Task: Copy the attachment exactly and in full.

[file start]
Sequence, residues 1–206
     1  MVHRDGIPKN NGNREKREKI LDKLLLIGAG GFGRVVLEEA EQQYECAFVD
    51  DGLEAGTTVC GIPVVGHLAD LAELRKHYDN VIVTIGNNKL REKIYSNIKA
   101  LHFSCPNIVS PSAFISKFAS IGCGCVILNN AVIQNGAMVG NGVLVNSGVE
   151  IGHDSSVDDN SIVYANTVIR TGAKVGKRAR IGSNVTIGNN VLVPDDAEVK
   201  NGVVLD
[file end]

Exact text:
Sequence, residues 1–206
     1  MVHRDGIPKN NGNREKREKI LDKLLLIGAG GFGRVVLEEA EQQYECAFVD
    51  DGLEAGTTVC GIPVVGHLAD LAELRKHYDN VIVTIGNNKL REKIYSNIKA
   101  LHFSCPNIVS PSAFISKFAS IGCGCVILNN AVIQNGAMVG NGVLVNSGVE
   151  IGHDSSVDDN SIVYANTVIR TGAKVGKRAR IGSNVTIGNN VLVPDDAEVK
   201  NGVVLD